“Dr. Tuan is known for getting guys back and going pretty quickly, so I figured I'd call him and he'd tell me I was good to ride if I could deal with the pain. So I called him and he said, 'No -- absolutely not -- you need to have surgery now to have this fixed.'

“That's not what I wanted to hear.

“Then I called Dr. Henry Small in Texas. He was Colin Edwards’ doctor and worked on a lot of MotoGP racers. He is as straightforward as they come; he's going to tell you how it is every time. He confirmed that it needed to be fixed.

“He explained that the blood flow in your hands is so poor that the bone will actually die and then you either try to get a bone graft to stick or remove it and basically fuse your whole hand together because the other bones will start to collapse around it.

“I went from being kind of optimistic and thinking they’d tell me what I wanted to hear, to, by the end of it, thinking this was about as bad as it could possibly get.

“So yeah, there was definitely some shock. I took second place two days earlier, and now they're telling me I have to fly out and have surgery on this thing. ‘This is not good at all.’”

Bauman flew out to California and had surgery late on the Thursday following the Red Mile and then had just over a week before he was scheduled to put his championship advantage on the line at the Laconia Short Track.

“They put me in a soft cast and told me to take it off three days after -- so that was Monday. I peeled it off and was like, 'Holy cow -- I don't see how this is supposed to work at all.'

“The thing was basically an open wound just stitched up. It's a small incision because it's in my hand, but it was enough… It was all swelled up. It basically looked like I just had surgery, and then I had to go race in five days.”

“Even though I was going to be racing, I wasn't allowed to let me hand move at all from my wrist down. It was kind of sketchy.

“Fortunately, I had talked to a few brace places to have a special hand brace made up and had a few different options to try. I spent like four hours on the Wednesday before Laconia with Shayna trying to fit up my leathers with these braces and just get everything set. It was pretty hectic, but we were able to chip away at it and figure out a workable solution.”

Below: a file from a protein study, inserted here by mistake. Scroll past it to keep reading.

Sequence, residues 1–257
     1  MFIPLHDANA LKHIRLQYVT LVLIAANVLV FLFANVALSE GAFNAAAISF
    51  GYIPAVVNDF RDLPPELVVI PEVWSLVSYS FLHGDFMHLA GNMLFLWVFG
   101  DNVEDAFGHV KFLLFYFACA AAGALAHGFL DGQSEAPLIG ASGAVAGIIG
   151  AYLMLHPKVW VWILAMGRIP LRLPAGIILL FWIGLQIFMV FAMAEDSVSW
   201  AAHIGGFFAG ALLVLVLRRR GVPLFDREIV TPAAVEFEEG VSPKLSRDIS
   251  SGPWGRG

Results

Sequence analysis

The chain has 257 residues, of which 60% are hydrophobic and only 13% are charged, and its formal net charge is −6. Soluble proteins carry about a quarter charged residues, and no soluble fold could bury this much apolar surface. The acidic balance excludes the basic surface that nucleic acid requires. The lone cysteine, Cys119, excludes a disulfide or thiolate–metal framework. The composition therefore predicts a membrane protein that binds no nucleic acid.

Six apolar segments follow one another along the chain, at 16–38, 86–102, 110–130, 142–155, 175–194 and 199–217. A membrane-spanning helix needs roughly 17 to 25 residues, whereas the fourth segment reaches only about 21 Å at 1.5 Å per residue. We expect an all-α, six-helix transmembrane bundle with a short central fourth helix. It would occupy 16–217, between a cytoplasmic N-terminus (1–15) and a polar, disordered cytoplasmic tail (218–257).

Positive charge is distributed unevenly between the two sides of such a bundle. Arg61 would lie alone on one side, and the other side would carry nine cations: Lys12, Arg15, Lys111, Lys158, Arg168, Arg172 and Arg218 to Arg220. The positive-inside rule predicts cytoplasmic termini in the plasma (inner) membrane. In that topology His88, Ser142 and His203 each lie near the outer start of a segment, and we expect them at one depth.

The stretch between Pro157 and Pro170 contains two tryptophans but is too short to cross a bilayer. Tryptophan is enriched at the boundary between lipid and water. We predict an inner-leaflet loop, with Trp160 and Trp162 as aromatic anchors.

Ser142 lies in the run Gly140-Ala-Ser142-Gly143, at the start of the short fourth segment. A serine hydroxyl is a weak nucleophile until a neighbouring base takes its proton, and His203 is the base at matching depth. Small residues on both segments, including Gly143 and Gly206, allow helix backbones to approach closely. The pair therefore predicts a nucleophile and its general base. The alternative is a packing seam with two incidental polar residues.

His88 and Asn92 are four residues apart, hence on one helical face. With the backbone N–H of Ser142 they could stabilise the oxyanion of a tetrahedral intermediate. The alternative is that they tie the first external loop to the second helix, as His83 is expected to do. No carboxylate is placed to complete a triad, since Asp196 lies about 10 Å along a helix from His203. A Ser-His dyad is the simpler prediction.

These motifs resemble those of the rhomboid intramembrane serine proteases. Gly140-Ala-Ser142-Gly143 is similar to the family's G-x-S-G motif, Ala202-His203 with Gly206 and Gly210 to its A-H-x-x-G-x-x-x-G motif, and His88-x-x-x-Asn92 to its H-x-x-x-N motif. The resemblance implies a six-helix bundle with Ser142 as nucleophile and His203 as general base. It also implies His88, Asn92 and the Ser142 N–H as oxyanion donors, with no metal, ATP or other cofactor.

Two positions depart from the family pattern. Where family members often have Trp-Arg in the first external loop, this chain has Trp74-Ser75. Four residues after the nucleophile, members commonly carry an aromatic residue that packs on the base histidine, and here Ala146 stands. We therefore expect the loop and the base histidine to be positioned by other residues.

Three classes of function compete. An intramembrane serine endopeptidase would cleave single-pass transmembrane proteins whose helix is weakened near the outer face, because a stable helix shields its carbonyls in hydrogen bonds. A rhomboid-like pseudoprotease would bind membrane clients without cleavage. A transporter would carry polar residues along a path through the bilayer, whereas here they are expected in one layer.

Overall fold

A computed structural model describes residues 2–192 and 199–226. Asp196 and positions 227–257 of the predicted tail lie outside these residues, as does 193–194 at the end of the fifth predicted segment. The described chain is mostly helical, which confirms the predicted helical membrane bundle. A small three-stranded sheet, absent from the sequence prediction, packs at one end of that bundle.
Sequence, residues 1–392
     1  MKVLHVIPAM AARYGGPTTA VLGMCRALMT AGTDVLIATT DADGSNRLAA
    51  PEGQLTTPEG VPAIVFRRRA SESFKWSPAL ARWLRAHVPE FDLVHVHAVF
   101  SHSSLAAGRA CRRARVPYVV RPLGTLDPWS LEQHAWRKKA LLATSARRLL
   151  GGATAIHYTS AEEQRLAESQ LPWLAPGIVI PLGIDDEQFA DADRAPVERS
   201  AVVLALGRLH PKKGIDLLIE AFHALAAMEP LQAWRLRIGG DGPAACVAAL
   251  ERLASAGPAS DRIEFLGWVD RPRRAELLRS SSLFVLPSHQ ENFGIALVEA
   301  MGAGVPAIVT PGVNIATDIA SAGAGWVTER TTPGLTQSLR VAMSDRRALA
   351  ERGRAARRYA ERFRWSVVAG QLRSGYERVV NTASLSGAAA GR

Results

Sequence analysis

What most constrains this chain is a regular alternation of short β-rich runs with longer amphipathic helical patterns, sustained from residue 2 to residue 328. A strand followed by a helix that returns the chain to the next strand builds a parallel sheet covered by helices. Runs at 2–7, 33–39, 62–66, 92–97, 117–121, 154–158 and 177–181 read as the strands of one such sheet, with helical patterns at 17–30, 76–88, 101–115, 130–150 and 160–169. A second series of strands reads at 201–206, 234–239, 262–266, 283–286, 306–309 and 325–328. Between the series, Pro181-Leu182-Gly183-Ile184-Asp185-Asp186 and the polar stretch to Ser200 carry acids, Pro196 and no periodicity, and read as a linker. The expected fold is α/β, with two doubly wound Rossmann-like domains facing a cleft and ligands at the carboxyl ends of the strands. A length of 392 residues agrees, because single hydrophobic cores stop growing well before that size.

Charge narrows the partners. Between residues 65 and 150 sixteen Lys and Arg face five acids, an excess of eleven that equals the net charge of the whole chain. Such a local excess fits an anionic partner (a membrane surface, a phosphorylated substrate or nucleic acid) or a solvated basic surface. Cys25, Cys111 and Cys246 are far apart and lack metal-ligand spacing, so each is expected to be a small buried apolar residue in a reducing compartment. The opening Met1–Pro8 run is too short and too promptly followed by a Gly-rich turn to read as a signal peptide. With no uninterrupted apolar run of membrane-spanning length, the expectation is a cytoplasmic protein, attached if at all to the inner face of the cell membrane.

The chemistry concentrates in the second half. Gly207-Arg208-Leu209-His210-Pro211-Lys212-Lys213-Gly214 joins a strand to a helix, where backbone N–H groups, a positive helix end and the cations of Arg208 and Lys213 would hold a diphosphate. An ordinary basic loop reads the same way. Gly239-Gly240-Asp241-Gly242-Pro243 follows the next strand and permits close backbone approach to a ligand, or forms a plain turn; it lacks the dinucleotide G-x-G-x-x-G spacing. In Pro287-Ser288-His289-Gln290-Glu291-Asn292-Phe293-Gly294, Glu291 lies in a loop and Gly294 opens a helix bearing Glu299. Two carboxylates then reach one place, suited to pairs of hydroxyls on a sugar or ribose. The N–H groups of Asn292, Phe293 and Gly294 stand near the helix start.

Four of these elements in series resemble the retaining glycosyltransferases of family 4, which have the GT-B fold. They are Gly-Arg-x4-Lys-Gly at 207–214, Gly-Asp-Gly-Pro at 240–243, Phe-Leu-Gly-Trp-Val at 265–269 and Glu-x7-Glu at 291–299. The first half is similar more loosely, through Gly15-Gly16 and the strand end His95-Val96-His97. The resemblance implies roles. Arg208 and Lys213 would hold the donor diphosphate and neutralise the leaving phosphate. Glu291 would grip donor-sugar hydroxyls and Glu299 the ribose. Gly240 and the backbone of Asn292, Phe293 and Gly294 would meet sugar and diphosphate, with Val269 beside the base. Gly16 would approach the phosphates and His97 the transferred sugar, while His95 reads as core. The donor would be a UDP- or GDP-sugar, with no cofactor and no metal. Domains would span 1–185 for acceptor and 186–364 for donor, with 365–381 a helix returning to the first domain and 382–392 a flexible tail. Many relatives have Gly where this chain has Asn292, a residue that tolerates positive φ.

The rigorous season schedule did Bauman no favors either. Besides being thrown right back into the fire in Laconia, Briar was facing down seven rounds over the following month-and-a-half. Laconia turned out to be somewhere between the ultimate test and an absolute soul crusher.

Briar said, “I knew it was going to a cushion short track so it was going to be a little bit rough, and I move around on the bike so much and I push and pull with my hands on the bars…but I only had like 10% grip strength in my left hand.”

If Bauman thought matters couldn’t get worse -- well, he was wrong. His first time out on track, he crashed.

“I slid out and was like, ‘What am I even doing? This is the last thing I need to be doing.’”

And yet, at the end of the night he somehow brought it all together and pushed his podium streak up to seven with yet another runner-up finish.

“Fortunately, I run strictly on adrenaline no matter the scenario -- good, bad, or otherwise. I don't know why. Once I got riding, I was good. The only thing I noticed was mid-corner, I like to push and I like to pull on the handlebars, and I just didn't have it that day. So that was kinda tough, but everything else was good.”

Briar not only survived the nightmare scenario -- he widened his championship lead and discovered a template for a modified riding style that would have to work for the remainder of the season -- the bulk of which he saw very little in terms of physical improvement.

“Honestly, it was like a plateau for what seemed like 12 weeks. I was going in every two to three weeks for x-rays. On top of it being one of the slowest healing bones in the body, I was racing at the same time. It took so long to see any progress. I think we went nine weeks before we saw any bone growth at all. Really, I just had to do the same deal every weekend.”